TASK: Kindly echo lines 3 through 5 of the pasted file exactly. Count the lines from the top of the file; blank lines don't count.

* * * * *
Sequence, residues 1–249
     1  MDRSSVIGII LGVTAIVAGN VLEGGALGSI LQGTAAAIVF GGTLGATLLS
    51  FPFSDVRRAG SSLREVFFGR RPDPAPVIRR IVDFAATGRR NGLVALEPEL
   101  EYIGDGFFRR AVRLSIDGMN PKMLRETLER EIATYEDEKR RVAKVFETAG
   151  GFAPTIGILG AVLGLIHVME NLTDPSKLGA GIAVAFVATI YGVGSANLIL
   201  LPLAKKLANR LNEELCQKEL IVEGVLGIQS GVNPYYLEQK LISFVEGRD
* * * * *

    51  FPFSDVRRAG SSLREVFFGR RPDPAPVIRR IVDFAATGRR NGLVALEPEL
   101  EYIGDGFFRR AVRLSIDGMN PKMLRETLER EIATYEDEKR RVAKVFETAG
   151  GFAPTIGILG AVLGLIHVME NLTDPSKLGA GIAVAFVATI YGVGSANLIL